Did Your Parents' Pop Culture Turn You Into A Feminist?

Illustration for article titled Did Your Parents Pop Culture Turn You Into A Feminist?

It's come to my attention over the past several days that I am perceived as a "bad feminist." Some readers seem to think I am some sort of woman-hater who only values the opinions of dudes. (Those readers are not dudes.) Um, this is really really not the case. But the realization prompted some soul-searching, because I remember a time just over 20 years ago when I felt outlandishly offended by sexism, mostly because of my immersion in the schlock pop culture of my parents' generation. There was, for starters, the lyrics of the Beach Boys song "California Girls," and further, that such a musical act would receive the endorsement of such a distinguished entertainment property as Full House.

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"They keep their boyfriends warm at night??" I remember whining at my dad (who did something like roll his eyes and say, "Maureen, no one took the Beach Boys seriously until 'Pet Sounds'," as if that was something I should have known.)

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But anyway, in the spirit of nostalgia and slow news days, I started trying to remember other things that used to get me, like, RAGING mad on behalf of womanity. The Good Earth. (Meanwhile, the Good Earth movie, which was full of white actors, was offensive on numerous other levels pertaining to civil rights, but that's another story.) The year our monsignor fired all the female altar servers. My mom ranting about how she never should have taken my dad's fucked up surname. Oh my god, and all old movies. Below, a clip from a 1961 movie musical that STILL TOTALLY STILL MAKES ME WANT TO KILL MYSELF, even as it is also almost hard to look away and years later I ended up using this movie to appease girls I babysat. In Rodgers' & Hammerstein's defense, Nancy Kwan is, at least, legitimately Asian:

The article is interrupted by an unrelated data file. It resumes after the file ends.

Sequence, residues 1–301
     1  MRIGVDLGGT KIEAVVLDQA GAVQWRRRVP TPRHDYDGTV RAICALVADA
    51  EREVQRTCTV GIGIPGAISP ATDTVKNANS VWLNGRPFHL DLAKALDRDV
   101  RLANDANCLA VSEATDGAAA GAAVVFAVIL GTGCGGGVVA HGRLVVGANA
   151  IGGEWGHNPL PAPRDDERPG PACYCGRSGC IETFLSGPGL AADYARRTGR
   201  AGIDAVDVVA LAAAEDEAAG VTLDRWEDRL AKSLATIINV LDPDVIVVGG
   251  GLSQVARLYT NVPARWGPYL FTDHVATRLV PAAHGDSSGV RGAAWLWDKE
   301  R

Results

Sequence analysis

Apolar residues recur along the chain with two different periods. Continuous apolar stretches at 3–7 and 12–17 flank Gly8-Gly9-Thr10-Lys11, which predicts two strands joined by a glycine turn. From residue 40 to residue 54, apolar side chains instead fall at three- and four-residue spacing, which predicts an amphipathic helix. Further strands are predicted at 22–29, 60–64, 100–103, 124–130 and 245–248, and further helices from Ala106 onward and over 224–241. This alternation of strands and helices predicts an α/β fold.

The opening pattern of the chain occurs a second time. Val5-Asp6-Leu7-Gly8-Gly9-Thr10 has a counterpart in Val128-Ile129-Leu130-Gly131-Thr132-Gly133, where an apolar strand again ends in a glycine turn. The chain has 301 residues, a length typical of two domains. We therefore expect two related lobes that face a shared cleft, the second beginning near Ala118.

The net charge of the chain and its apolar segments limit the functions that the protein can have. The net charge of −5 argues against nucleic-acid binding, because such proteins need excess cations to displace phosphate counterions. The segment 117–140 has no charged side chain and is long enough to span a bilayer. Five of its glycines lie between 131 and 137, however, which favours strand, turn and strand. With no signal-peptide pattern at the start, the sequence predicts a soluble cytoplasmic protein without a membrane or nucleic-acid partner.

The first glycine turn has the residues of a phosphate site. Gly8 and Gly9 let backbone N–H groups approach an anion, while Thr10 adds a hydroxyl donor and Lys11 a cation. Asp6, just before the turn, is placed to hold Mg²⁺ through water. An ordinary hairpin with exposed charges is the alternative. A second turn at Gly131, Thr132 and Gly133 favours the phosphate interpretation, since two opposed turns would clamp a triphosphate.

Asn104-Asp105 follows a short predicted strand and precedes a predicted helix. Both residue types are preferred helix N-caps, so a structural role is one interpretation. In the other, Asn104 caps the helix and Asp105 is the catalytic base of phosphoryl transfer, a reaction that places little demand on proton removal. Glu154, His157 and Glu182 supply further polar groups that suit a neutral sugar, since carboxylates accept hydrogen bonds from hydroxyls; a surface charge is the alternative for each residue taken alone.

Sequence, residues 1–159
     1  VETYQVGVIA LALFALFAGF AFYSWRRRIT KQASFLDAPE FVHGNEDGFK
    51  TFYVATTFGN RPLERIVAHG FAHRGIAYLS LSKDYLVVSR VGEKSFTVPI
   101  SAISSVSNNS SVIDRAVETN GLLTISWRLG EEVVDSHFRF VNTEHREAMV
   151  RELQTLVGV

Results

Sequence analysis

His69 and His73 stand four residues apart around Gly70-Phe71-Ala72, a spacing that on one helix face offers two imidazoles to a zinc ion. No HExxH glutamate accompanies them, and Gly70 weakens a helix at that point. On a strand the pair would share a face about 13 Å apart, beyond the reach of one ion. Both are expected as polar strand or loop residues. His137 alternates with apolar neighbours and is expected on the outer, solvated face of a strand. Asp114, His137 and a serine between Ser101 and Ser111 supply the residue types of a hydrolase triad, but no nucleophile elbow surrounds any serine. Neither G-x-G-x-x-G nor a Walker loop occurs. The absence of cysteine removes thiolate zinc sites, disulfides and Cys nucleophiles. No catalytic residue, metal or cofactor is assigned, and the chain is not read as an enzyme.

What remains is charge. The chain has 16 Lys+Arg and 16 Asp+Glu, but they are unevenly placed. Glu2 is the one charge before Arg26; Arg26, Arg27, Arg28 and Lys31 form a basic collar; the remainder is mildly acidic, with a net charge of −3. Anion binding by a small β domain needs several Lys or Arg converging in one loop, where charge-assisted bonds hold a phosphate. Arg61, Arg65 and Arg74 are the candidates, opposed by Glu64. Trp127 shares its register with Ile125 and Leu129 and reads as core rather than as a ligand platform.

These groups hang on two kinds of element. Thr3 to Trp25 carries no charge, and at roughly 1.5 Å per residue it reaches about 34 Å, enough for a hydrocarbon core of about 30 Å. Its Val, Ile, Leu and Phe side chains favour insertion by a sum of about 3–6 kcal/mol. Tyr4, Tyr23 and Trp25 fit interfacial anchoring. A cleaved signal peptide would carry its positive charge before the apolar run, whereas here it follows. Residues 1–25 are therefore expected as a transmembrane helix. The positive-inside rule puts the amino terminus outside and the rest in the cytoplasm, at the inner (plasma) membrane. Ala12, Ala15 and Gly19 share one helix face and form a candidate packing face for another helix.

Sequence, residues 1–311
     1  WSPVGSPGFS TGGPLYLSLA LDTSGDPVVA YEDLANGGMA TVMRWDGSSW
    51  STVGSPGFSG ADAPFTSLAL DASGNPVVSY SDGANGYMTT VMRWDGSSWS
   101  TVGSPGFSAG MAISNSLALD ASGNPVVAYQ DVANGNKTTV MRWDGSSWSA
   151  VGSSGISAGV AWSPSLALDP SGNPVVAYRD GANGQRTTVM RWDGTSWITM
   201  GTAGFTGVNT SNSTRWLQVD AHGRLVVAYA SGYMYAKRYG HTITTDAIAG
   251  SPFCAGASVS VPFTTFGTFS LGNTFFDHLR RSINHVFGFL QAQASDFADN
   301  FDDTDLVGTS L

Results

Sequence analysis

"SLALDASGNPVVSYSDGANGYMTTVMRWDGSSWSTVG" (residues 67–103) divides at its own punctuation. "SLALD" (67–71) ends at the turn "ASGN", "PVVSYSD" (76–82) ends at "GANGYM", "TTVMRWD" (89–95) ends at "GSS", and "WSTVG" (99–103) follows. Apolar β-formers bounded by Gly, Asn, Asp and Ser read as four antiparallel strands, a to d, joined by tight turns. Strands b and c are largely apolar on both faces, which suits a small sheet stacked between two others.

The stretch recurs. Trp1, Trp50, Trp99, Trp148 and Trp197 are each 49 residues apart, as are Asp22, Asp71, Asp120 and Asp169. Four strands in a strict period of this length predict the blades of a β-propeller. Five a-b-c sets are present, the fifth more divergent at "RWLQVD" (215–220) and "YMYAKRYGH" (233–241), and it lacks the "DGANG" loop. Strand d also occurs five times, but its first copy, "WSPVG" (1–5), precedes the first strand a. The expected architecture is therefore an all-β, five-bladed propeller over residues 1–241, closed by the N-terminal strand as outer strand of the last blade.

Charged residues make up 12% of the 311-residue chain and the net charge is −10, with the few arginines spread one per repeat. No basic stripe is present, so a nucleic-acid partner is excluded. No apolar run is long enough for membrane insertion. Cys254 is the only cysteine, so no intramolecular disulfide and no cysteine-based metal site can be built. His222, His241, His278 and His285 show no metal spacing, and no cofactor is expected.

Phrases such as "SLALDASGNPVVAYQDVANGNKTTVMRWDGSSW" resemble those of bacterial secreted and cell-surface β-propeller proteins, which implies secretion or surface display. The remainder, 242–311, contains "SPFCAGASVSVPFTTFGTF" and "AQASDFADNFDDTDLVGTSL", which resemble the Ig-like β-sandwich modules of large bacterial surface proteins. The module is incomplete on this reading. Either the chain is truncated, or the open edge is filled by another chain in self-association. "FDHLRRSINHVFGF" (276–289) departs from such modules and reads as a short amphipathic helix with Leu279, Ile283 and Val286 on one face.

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DISCUSSION

stoprobbers
stoprobbers

I remain really glad my parents didn't encourage me to look at movie musicals via a feminist light. I love old movie musicals. The dancing.. the dancing! Oh, you just never see such dancing anymore...

I don't know. I grew up listening to the Beatles and to Mozart, playing the piano and playing baseball, covering my sister in makeup and cutting my hair boy-short. No one in my family ever tried to impress a notion of maleness or femaleness, and their respective values, on me. I came, quite naturally, into loving makeup in my early teens. I rejected pink after wearing nothing but it for a year straight when I was six (I rejected it at 7 and have never looked back; to be honest, I don't think it really flatters my skin unless in blush form). I was a devoted gymnast until a serious injury, then a swimmer and a diver; I dreamed of being the first girl baseball player but gave up when I realized I was a terrible batter.

Which is all to say that I've never, at least consciously, taken in the messages of what women "should" be that have trickled down through pop culture (like "California Girls"? Only occurred to me as potentially misogynistic RIGHT NOW AFTER READING THIS. For the love of music, it's a song about hormonal teenage boys lusting after girls WRITTEN BY hormonal teenage boys lusting after girls!).

I genuinely don't understand these weird judgments about women who are pro- or anti-feminist. Why can't I just be a girl who likes what I like? Why this endless justification?